Many Muckaty Traditional Owners are opposed to establishment a radioactive waste dump on the Muckaty Land Trust, 120 kilometres north of Tennant Creek in the Northern Territory. This is a short video appeal to Senators calling on them to oppose Minister Ferguson's National Radioactive Waste Management Bill, which would entrench Muckaty as the only site to be actively considered for the dump.
Port Kembla Coal Terminal workers began a week-long strike on February 1. The action is a result of management scaling back conditions during negotiations over a new enterprise agreement. BHP Billiton operates the coal terminal on behalf of its owners, which include Xstrata, Peabody Energy, Gujarat NRE and Centennial Coal. Management’s latest offer triggered Construction Forestry Mining Energy Union (CFMEU) delegates to take industrial action. About 100 workers had previously voted to approve a seven-day stoppage from February 1, unless management made a late offer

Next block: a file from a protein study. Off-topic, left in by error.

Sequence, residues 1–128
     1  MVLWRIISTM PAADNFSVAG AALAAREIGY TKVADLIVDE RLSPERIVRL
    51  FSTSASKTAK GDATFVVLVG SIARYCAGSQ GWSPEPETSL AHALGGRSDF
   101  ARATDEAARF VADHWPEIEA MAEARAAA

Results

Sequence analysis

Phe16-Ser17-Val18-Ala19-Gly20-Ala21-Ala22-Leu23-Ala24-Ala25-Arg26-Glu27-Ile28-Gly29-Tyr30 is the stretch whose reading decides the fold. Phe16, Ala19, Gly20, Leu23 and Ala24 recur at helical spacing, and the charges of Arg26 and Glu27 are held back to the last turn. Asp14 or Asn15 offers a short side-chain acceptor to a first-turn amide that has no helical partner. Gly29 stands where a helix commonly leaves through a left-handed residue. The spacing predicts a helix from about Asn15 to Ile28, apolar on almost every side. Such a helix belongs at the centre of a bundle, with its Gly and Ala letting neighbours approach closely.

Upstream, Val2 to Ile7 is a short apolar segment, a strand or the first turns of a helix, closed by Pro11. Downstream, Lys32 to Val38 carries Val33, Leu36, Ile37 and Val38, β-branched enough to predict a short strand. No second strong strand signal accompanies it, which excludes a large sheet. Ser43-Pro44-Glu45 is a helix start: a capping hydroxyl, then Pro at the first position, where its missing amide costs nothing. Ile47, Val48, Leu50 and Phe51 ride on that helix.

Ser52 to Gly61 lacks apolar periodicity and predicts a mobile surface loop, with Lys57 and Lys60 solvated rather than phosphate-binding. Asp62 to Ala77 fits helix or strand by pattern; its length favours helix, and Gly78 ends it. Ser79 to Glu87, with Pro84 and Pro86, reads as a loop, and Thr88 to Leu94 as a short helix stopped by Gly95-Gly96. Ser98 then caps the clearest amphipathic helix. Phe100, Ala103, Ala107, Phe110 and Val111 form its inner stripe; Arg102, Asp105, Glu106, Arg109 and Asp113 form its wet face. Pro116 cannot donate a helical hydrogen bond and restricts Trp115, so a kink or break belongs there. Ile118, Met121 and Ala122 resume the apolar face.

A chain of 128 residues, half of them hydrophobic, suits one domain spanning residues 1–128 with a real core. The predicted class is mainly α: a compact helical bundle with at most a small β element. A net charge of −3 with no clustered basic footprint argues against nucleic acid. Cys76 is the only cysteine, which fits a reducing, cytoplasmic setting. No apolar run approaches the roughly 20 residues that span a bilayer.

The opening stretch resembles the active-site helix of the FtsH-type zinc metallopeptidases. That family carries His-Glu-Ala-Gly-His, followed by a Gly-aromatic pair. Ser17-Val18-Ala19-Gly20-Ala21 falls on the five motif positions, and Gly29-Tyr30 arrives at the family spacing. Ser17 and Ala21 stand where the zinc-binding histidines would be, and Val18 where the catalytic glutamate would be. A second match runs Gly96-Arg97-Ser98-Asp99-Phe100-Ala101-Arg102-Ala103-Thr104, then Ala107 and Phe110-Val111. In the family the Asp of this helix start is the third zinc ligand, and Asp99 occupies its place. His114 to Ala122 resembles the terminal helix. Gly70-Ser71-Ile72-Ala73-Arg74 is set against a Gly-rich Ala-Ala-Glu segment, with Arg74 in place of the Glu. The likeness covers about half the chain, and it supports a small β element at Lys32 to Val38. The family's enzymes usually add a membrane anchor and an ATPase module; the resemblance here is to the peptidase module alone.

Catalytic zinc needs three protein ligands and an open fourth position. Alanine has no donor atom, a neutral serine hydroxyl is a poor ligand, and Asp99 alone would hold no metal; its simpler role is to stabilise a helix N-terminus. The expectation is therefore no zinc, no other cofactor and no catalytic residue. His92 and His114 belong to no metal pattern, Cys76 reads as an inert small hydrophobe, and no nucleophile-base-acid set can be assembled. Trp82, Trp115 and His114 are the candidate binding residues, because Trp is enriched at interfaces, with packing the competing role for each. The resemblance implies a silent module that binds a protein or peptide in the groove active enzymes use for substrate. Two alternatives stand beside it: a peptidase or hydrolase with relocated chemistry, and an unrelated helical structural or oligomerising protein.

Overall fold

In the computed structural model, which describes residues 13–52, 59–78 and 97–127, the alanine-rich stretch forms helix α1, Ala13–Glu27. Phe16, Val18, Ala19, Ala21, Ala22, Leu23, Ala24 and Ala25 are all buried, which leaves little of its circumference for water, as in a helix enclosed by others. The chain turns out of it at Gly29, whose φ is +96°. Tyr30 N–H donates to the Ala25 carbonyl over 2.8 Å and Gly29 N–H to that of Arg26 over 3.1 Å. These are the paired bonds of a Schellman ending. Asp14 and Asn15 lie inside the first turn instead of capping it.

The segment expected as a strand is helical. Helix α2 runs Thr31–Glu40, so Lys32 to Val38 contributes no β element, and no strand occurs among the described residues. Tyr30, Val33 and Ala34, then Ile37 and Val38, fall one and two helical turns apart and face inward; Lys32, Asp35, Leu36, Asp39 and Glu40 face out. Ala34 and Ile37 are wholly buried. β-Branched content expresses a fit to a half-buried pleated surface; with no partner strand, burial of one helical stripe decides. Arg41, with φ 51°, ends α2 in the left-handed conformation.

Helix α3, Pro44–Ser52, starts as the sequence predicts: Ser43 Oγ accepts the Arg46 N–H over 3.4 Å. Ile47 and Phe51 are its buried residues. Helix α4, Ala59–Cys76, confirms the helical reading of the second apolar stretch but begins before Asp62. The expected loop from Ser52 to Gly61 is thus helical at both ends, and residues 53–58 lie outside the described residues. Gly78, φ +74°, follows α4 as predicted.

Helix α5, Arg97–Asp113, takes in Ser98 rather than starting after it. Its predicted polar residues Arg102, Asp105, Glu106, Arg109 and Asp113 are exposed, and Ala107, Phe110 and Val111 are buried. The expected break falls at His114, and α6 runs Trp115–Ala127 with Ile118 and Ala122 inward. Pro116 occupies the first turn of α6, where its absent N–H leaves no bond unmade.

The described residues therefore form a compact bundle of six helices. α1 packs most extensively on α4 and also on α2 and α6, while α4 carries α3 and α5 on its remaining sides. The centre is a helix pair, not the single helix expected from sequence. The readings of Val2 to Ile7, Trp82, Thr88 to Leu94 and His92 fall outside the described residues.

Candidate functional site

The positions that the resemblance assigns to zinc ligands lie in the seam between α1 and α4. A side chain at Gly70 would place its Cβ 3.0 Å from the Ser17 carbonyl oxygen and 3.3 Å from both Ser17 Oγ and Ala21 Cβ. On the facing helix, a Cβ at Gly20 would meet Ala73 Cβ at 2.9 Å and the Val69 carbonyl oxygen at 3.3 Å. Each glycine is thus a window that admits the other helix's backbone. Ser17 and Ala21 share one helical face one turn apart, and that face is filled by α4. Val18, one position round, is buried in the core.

Thousands of Victorian nurses, mental health workers, public servants and others have been trying to negotiate new enterprise bargaining agreements with the Coalition government. Premier Ted Baillieu's intransigent state government has insisted it will not agree to any pay rises above 2.5% a year without productivity trade-offs. The exception was the police force, which won a 4.5% annual pay rise a few days after more than 500 police violently evicted Occupy Melbourne protesters from City Square.
In an historic decision, Fair Work Australia (FWA) awarded pay rises of 19-41% to 150,000 mostly female workers in the social and community services sector (SACS) on February 1. It was the most important equal pay case since equal pay for work of equal value was formally recognised in 1972. The decision awards an extra 4% rise in loadings, designed to recognise impediments to bargaining in the industry. Workers will also be entitled to any wage review by FWA each year. The pay rises are effective from December 1, to be phased in over eight years.
Socialist Alliance candidate Liam Flenady, who will run in the March 24 Queensland state election, announced the party's key policy pledge on February 4. The policy said: “Set up a new Queensland State Bank: Provide low-interest loans to householders, farmers and small business. Stop the private banks ripping off the community.”